by Anna Longbons
March 8, 2019
Bob Fu from China Aid recently joined a panel discussion at FRC to highlight the religious freedom abuses transpiring in China. Similarly, President Trump’s recent summit with Kim Jong Un brought renewed attention to the humanitarian and religious liberty crisis in North Korea. Both Chinese and North Korean citizens live under communist regimes. Although much of communism dissipated when the Iron Curtain fell away, it still survives in five countries, including North Korea, Vietnam, Laos, China, and Cuba. In all five nations, people of faith suffer persecution.
To live as a Christian in a communist nation is to live with competing loyalties. Communism demands allegiance, but so does Christ. Because religion threatens their authority, communists regulate religion or try to abolish it altogether.
Historically, communism and atheism have worked hand in glove. Marx famously referred to religion as “the opium of the people,” while Lenin asserted that “a Marxist must be a materialist, i.e., an enemy of religion.” More recently, the Communist Party of China has reiterated that all party members must ascribe to an atheistic worldview.
International Christian Concern lists Marxist persecution as one of the top three forms of religious persecution. Likewise, the United States Commission on International Religious Freedom (USCIRF) groups all five communist nations on its top two tiers of religious hostility. Many conservatives object to communism for economic and political reasons. However, the tie between Marxism and religious persecution gives Christians added reason to learn about and stand against communism and the accompanying persecution that these regimes inflict on people of faith.
USCIRF reports that “the North Korean government’s approach toward religion and belief is among the most hostile and repressive in the world.” Open Doors lists North Korea as the top country for Christian persecution on its world watch list. In North Korea, the government mandates the worship of the ruling Kim family. Because of the government’s hostility toward religion, many believers hide their faith to defend themselves and their families. Believers face arrest, prison, and death because of their faith.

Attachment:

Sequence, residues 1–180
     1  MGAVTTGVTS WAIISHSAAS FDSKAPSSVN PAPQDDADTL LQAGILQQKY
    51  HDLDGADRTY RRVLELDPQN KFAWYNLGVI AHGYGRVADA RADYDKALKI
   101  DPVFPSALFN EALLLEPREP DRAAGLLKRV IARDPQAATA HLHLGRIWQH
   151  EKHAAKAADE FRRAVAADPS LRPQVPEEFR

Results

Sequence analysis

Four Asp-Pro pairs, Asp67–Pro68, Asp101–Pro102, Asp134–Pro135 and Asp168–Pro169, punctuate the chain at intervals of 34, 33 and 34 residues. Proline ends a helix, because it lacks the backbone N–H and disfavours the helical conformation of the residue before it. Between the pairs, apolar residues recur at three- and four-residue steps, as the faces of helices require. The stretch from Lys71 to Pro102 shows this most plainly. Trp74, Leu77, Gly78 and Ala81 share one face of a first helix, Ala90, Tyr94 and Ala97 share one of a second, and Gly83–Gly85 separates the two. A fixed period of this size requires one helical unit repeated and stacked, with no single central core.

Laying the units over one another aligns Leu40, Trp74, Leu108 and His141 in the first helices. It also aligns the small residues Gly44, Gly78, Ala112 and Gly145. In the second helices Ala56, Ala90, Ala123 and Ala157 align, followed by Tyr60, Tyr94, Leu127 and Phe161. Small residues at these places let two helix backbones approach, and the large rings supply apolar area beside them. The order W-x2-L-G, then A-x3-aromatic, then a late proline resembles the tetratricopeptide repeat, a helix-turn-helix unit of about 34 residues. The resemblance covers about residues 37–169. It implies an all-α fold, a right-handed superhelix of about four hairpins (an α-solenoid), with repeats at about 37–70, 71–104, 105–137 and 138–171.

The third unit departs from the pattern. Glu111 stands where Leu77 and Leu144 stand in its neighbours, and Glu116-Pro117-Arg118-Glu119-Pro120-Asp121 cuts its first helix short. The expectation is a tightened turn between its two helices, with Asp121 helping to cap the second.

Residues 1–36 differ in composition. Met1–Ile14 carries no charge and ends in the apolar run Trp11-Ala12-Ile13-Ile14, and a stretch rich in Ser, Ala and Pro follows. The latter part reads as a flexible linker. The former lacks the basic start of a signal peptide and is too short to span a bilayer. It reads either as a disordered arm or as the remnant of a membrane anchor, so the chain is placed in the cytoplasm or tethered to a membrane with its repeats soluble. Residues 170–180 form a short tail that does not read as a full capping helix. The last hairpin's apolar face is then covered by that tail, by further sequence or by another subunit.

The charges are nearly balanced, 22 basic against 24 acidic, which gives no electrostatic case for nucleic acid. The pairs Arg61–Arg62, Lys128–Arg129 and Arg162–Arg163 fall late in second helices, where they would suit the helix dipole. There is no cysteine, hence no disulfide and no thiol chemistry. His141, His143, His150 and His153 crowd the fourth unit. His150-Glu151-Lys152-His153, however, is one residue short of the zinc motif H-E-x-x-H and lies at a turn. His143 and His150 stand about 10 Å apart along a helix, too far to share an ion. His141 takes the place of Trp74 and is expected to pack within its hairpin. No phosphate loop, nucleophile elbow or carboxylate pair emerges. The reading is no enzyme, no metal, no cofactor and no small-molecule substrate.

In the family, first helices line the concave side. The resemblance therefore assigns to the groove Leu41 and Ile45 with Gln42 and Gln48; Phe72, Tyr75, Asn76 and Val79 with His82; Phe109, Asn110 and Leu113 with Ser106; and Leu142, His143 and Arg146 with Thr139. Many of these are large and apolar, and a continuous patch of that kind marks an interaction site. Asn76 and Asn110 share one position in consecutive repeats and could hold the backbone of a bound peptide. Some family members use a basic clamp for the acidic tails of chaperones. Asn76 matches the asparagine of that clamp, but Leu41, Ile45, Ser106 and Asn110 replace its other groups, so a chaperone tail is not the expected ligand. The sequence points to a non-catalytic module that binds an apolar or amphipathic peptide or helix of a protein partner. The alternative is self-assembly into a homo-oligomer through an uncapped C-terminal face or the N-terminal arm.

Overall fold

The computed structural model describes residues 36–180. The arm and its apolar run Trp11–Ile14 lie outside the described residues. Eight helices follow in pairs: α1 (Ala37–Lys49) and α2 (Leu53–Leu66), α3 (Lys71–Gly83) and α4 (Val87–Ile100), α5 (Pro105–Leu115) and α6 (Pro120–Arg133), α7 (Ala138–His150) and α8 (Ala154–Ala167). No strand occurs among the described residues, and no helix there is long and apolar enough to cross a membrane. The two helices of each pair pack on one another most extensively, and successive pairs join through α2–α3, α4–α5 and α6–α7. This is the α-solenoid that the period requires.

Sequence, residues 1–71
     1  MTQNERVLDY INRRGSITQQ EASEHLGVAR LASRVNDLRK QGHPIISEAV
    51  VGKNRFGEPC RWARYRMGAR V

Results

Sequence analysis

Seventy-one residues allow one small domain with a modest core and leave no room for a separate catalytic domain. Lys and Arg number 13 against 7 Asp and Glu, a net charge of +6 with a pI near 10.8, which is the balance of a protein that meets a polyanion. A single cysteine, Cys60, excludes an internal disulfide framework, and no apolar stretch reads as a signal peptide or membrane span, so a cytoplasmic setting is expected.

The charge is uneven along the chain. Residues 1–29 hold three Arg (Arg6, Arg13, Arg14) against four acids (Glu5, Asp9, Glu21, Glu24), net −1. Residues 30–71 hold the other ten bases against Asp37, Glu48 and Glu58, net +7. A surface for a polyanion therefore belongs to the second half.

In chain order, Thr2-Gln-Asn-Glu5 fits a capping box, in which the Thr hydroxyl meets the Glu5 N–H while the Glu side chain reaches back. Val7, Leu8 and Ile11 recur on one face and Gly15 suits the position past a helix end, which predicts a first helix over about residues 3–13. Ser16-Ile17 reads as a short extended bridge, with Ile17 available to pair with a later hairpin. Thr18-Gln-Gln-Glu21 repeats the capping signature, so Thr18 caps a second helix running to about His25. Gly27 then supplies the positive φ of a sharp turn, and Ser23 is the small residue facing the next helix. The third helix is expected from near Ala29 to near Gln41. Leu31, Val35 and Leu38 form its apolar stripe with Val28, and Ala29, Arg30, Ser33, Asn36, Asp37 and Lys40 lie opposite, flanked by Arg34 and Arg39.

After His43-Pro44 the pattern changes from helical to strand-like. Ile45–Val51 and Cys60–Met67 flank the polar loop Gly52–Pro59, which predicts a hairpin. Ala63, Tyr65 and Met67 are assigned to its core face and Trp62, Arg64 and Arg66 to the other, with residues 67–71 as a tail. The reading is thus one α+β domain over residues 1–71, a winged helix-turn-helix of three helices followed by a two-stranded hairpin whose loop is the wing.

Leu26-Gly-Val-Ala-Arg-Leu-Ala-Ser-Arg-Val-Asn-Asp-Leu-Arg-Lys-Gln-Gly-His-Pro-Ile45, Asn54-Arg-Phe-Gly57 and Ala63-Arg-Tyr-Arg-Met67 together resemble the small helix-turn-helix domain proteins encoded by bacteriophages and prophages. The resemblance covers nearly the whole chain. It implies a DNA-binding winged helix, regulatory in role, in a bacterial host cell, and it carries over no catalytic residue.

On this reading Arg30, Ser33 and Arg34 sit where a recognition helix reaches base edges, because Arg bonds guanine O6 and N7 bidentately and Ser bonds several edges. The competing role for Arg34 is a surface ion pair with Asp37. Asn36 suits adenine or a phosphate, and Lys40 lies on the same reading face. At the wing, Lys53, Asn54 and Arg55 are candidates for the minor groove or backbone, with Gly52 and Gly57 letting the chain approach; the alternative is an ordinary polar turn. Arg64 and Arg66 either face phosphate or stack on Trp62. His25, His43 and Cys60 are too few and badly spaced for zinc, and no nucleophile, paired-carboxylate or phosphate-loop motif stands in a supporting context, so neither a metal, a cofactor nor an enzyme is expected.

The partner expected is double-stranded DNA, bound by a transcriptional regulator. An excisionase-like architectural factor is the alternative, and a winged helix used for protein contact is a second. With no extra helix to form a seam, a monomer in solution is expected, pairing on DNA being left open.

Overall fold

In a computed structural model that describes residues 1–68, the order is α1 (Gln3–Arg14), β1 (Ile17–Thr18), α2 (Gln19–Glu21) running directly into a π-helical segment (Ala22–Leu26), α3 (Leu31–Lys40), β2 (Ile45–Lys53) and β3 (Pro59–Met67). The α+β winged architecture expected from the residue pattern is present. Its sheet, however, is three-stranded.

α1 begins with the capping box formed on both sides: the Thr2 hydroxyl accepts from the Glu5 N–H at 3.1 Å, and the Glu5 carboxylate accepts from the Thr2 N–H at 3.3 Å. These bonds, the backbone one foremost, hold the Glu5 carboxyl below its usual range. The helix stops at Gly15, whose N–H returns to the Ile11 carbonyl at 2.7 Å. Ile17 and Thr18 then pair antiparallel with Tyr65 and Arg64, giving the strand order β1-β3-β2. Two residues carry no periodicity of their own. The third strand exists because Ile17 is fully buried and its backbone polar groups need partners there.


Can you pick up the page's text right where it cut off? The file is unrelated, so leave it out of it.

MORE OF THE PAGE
Like North Korea, Vietnam also ranks as a Country of Particular Concern with USCIRF. Open Doors reports that although believers enjoy greater liberty in Vietnam than in North Korea, they still live with the risk of persecution. Believers encounter both racial and religious oppression. They also suffer attacks from gangs that may be state-sponsored.
In nearby Laos, Christians also face persecution. USCIRF reports that “the Lao government tightly manages religious groups much in the same way it controls any individual or group it perceives could deviate from the state’s agenda or who expresses dissent or criticism.”
The Chinese Communist Party took a more direct role in governing religion in 2017, which triggered a subsequent increase in religious persecution. China Aid reports that “more than 1,000,000 people were persecuted in 2018, which is three-and-a-half times more than those recorded in 2017. Of those, more than 10,000 church leaders were persecuted, which is five times greater than those recorded in 2017.” China Aid’s 2018 annual report chronicles case after case of heightened persecution in China, from churches being demolished to school children being questioned for their faith.
The Office of Religious Affairs in Cuba works for the Cuban Communist Party, giving the communists great authority over believers. According to USCIRF, “the government continues to interfere in religious groups’ internal affairs and actively limits, controls, and monitors their religious practice, access to information, and communications through a restrictive system of laws and policies, surveillance, and harassment.” A number of religious groups spoke out recently against the new constitution being proposed for the country, which would curtail religious freedom.
Protecting Religious Freedom Through Education, Donation, and Prayer
Christians can stand against communist persecution by educating themselves, praying for those affected by persecution, and supporting human rights advocacy organizations. Through education, Americans can better understand and influence our foreign policy regarding these communist nations. Christians can also donate to advocacy organizations who are working on the ground to provide material and spiritual aid to the persecuted, such as China Aid, Voice of the Martyrs, Open Doors, and International Christian Concern. These organizations also offer information that equips Christians to pray for the specific needs of their suffering brothers and sisters around the world.
Christianity threatens communism, because communism depends upon citizens’ brainwashed, undivided loyalty. However, Christianity bolsters democracy, because democracy rests on natural law and personal freedom. Therefore, preserving democracy means preserving religious freedom, while standing against communism means standing against oppression. By opposing communism worldwide through education, financial support, and prayer, we support our brothers and sisters and safeguard our own country.
More information on the persecuted church can be found at FRC’s Remember the Persecuted webpage.
Anna Longbons is an intern with FRC Action.